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At last he was free. For almost a decade, Alfred Hitchcock had worked for producer David O. Selznick, the greatest micro-manager in the history of movies. Now Hitchcock's contract was finally up, he had joined forces with producer Sidney Bernstein, and together they had formed their own producing company, Transatlantic Pictures. So why, for his first film, did Hitchcock tangle himself up in Rope (1948)?
Rope had not been the partners' first choice. An adaptation of Helen Simpson's period novel Under Capricorn was slated as their first production, but prior commitments by star Ingrid Bergman forced them to wait. Next was a plan for a modern dress version of Hamlet starring Cary Grant but the duo finally decided it was not to be. The third choice was a play Hitchcock had seen back in 1929. Its story was based on the infamous murder of fourteen-year-old Bobby Franks by college students Richard Loeb and his lover Nathan Leopold in 1924. Loeb fancied himself an intellectual and sought to prove it by committing the perfect crime.
The play, Rope's End by Patrick Hamilton featuring not only grisly murders but also references to the murderers' homosexual relationship, was certain to make trouble in 1948 Hollywood. This was not enough, however, for Hitchcock. In addition to tweaking the censor's nose by seeing how far he could push the homosexual angle, he also decided to make it his first Technicolor production and film it in a radical style.
For years, Hitchcock had played with the idea of creating a film in one uninterrupted take. He had always loved technical challenges from elaborate crane shots in Young and Innocent (1937) and Notorious (1946) to oversized props in Easy Virtue (1928) and Spellbound (1945) to making an entire movie within the confines of a small boat on the open sea in Lifeboat (1944). However, there were also financial reasons as well. Hitchcock thought that by shooting the full length of the ten minutes of film contained in a Technicolor camera in one go, he could speed through the shooting in record time. Hitchcock would then give the illusion of a continuous take by placing the reel changes when the camera's vision was obscured by a person's back or a raised trunk lid.
Unfortunately, the process was neither easy nor cost-effective. Any small detail that went wrong would ruin a full ten-minutes of filming such as when Hitchcock discovered after several days of shooting that the developed Technicolor film was distorting the sunset he had so elaborately designed for the backdrop. Almost half the movie had to be re-shot as a result. Meanwhile the actors, even though they were stage trained professionals, were terrified to flub a line of dialogue as the mistake would require a ten-minute re-shoot. While they were trying to remember their lines and hit their marks, stagehands were whisking away furniture and walls to make way for the gigantic Technicolor camera. Finally, even the mild-mannered Jimmy Stewart had had enough, asking Hitchcock why, if he was so intent on capturing the feel of live theatre, he didn't just set up seats at the studio and sell tickets?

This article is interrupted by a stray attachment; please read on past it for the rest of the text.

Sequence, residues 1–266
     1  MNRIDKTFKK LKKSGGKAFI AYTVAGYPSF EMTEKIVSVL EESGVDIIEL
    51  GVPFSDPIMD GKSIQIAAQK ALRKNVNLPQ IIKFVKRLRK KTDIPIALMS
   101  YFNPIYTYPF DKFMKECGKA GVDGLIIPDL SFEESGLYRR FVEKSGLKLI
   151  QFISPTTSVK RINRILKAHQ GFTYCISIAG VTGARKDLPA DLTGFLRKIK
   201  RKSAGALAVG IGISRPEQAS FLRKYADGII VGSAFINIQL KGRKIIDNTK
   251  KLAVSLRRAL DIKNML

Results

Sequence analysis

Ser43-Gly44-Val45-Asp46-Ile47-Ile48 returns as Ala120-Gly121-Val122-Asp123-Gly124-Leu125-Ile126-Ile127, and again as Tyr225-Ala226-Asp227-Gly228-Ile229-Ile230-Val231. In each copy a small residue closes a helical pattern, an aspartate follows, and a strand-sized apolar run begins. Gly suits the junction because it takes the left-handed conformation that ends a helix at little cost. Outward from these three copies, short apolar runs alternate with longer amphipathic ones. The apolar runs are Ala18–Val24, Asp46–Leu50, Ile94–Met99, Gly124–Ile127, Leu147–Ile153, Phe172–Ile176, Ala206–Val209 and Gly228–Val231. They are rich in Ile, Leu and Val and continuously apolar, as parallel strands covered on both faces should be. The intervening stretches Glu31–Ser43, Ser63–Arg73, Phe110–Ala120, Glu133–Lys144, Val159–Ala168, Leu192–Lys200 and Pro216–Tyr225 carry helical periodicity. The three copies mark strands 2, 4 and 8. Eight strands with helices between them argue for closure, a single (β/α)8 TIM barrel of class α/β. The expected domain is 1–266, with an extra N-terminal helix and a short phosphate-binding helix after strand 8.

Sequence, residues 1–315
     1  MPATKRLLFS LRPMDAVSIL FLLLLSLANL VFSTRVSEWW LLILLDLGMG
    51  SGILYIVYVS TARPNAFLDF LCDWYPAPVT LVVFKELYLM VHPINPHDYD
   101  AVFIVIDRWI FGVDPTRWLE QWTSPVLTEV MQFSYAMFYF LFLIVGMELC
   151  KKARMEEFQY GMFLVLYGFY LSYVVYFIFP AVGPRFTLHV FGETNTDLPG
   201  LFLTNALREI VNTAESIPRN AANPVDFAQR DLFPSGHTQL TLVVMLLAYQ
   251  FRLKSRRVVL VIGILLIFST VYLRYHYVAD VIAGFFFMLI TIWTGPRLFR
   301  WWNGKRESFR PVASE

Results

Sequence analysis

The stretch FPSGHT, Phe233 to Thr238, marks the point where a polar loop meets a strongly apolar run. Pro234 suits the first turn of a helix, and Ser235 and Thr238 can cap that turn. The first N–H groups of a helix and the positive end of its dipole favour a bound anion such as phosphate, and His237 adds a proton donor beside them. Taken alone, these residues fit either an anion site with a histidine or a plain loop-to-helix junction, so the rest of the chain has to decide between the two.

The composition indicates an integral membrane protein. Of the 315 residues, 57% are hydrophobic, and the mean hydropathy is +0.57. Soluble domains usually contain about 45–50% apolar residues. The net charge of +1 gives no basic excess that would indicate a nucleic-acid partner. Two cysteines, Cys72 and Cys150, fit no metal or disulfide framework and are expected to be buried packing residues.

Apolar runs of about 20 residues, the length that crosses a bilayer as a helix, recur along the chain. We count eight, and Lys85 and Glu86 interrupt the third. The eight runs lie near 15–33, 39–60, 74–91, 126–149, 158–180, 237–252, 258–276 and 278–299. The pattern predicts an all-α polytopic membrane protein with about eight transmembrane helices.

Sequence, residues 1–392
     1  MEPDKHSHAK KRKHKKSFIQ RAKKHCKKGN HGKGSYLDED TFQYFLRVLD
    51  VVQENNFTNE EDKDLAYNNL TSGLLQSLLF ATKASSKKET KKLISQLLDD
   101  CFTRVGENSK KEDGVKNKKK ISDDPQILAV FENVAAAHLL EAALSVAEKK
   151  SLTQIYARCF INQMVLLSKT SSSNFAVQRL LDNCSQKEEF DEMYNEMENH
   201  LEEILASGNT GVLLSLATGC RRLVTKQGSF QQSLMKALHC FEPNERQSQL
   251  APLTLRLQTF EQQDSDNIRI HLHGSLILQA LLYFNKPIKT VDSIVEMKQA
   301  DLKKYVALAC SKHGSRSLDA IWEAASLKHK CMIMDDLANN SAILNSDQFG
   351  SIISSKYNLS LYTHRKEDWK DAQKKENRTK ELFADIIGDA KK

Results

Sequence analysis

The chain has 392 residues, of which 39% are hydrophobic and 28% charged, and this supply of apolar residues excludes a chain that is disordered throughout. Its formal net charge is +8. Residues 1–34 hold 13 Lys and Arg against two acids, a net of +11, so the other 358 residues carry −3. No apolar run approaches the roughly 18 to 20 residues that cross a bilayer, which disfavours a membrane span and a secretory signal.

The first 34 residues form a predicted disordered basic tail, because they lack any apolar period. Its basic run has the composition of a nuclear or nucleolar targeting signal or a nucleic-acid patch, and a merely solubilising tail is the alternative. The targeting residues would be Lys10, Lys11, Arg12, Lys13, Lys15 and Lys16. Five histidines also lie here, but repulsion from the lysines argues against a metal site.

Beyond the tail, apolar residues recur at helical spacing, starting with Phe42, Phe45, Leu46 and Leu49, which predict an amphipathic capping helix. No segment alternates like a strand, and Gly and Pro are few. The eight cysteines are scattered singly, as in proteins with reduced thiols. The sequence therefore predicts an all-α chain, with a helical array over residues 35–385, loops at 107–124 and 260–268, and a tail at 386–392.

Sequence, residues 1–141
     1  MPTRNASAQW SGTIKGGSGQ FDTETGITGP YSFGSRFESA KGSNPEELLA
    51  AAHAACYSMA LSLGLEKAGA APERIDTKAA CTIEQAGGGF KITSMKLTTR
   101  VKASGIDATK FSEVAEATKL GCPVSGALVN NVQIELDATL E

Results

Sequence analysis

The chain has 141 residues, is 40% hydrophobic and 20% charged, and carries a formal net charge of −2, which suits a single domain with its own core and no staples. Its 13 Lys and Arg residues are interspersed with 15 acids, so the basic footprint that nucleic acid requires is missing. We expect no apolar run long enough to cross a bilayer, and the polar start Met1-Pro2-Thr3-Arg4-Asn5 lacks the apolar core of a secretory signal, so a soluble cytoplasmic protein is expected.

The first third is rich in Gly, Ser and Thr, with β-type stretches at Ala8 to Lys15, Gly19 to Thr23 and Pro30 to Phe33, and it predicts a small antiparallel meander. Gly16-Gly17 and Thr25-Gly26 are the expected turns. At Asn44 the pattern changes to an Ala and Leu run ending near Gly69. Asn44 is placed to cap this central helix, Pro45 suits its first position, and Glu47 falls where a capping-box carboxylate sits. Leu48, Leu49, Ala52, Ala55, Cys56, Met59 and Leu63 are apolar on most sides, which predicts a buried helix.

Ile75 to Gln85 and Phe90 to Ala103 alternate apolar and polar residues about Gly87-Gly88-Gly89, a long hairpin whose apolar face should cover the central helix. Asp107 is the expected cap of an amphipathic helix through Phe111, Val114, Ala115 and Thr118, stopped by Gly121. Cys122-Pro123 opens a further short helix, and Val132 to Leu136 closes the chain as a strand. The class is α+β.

The ten-minute take garnered publicity for Rope but it did not bring in the audiences. Hitchcock, still unconvinced, went on to try the ten-minute take to a more limited extent in his next film, the even more unsuccessful Under Capricorn (1949) whose box-office failure brought Transatlantic Pictures to an end. Rope might have been written off as a failed experiment at the time but it was responsible for introducing Hitchcock to a valued asset, the actor Jimmy Stewart. Stewart was brave enough to work again with Hitchcock and together they created some of their greatest movies with Rear Window (1954), The Man Who Knew Too Much (1956) and Vertigo (1958).
Director: Alfred Hitchcock
Producers: Alfred Hitchcock, Sidney Bernstein
Screenplay: Hume Cronyn, Arthur Laurents based on the play Rope's End by Patrick Hamilton
Cinematography: William V. Skall, Joseph Valentine
Art Direction: Perry Ferguson
Music: David Buttolph
Editing: William H. Ziegler
Cast: James Stewart (Rupert Cadell), John Dall (Brandon Shaw), Farley Granger (Phillip Morgan), Sir Cedric Hardwicke (Mr. Kentley), Constance Collier (Mrs. Atwater), Douglas Dick (Kenneth Lawrence)
C-81m. Closed captioning.
by Brian Cady